By The Associated Press
Arizona Daily Wildcat April 8, 1996
PHOENIX - A former top campaign aide to Gov. Fife Symington was killed in an auto accident - two days after pleading innocent to federal charges alleging he helped rig a lucrative state contract.
John D. Yeoman, Symington's former campaign treasurer, sustained internal injuries after the crash Friday night and died during surgery at John C. Lincoln Hospital, Sgt. John Buchanan said Saturday.
Yeoman graduated from the University of Arizona Law School in 1969. He operated the Tucson office of Coopers & Lybrand from 1980 to 1985, then moved to the firm's Phoenix office.
Yeoman was also Symington's personal and business accountant.
Police said the 51-year-old Yeoman was making a left turn when a speeding pickup truck slammed into his car about 7 p.m. in north Phoenix.
The truck driver, 35-year-old David Int-Hout, was suspected of speeding and driving under the influence of marijuana and other drugs, Buchanan said. He was treated for facial injuries and released from the hospital Saturday.
Symington spokesman Doug Cole said he was stunned by the news.
''I'm in a state of shock,'' said Cole, who first heard about the accident from a reporter. ''He was a good, decent man and a loving father.''
Yeoman pleaded innocent Wednesday to charges he and former Symington chief of staff George Leckie colluded in a 1991 bid-rigging scheme worth $1.5 million.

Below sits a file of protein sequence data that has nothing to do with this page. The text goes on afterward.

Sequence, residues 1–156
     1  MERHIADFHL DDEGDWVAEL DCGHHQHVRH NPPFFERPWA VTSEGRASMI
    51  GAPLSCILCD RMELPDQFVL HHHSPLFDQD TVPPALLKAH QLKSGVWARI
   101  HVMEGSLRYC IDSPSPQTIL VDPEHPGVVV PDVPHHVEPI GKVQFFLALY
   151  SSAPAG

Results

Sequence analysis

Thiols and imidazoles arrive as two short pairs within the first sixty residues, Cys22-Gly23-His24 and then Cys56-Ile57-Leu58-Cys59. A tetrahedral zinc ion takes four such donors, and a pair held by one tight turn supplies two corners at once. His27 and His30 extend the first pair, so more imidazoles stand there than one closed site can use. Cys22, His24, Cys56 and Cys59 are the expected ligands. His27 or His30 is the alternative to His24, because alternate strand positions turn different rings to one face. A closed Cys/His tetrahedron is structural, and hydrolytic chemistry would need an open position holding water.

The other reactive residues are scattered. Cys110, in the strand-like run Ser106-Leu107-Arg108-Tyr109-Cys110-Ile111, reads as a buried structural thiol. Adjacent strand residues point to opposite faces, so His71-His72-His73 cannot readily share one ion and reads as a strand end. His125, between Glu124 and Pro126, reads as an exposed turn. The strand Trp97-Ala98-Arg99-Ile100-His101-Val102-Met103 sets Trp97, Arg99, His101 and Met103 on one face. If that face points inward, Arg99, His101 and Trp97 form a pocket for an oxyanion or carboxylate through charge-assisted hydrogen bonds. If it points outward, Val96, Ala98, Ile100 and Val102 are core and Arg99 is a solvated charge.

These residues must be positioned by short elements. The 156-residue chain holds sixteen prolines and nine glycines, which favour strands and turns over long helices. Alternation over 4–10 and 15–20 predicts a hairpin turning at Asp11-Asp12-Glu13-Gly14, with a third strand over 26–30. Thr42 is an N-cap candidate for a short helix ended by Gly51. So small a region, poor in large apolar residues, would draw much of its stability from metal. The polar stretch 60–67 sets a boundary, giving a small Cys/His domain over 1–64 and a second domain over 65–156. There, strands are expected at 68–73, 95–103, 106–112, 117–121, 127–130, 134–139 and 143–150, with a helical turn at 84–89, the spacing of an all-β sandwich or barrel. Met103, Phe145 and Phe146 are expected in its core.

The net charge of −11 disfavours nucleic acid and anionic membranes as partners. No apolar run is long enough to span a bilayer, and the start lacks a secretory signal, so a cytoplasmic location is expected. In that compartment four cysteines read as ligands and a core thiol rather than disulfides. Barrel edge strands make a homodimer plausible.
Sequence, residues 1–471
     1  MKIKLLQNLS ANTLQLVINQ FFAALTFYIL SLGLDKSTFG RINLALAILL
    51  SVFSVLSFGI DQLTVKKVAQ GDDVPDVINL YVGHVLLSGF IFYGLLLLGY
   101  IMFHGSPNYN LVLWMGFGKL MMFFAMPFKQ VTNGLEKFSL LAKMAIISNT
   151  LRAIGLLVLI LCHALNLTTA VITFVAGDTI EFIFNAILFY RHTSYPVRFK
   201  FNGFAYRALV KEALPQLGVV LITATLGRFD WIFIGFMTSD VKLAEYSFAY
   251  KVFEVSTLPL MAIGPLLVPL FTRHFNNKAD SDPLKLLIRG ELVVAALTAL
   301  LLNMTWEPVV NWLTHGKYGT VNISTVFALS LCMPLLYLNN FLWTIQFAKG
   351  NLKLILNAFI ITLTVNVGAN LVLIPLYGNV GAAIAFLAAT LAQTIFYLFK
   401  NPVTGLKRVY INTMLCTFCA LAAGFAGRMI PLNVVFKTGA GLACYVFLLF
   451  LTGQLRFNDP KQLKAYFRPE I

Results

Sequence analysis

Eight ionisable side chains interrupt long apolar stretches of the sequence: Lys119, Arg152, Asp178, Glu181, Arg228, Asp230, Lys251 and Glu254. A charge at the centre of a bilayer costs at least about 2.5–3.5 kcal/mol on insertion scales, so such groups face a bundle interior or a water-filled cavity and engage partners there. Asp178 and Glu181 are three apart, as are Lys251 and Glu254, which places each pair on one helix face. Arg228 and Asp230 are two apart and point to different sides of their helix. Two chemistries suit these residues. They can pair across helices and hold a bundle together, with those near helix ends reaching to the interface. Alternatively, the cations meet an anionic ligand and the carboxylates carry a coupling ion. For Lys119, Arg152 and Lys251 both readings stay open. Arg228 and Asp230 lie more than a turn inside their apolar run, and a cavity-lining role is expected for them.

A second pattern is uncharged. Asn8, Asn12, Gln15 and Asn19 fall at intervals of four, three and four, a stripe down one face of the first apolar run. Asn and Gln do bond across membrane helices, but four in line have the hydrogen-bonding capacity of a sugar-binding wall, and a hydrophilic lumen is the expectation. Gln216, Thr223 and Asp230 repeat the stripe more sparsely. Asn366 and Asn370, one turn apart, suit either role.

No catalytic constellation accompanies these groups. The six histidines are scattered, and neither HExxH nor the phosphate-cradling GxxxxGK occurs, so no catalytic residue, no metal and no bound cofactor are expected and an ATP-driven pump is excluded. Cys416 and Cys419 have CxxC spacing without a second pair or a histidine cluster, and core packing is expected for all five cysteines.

Investigators allege Leckie illegally provided Yeoman, then a partner in the national accounting firm of Coopers & Lybrand, with information that allowed Yeoman's firm to lower its bid and win a consulting contract for Project SLIM, Symington's cost-cutting program.
A federal grand jury last month indicted Yeoman and Leckie on seven counts of fraud. Yeoman was also charged with one count of perjury before the grand jury and one count of obstruction of justice.
Yeoman was fired from Coopers & Lybrand after the indictment was announced.
''The firm certainly has great sympathy for his family,'' company spokesman Dave Nestor said Saturday after learning of Yeoman's death. ''We can't say much else at this point.''
Police did not know where Yeoman was going when the fatal accident happened.
In a statement issued Saturday, Symington said: ''John Yeoman was a decent man, and I will miss him. All those who knew him knew of his many qualities as a person, his kindness toward others and his love for his family.''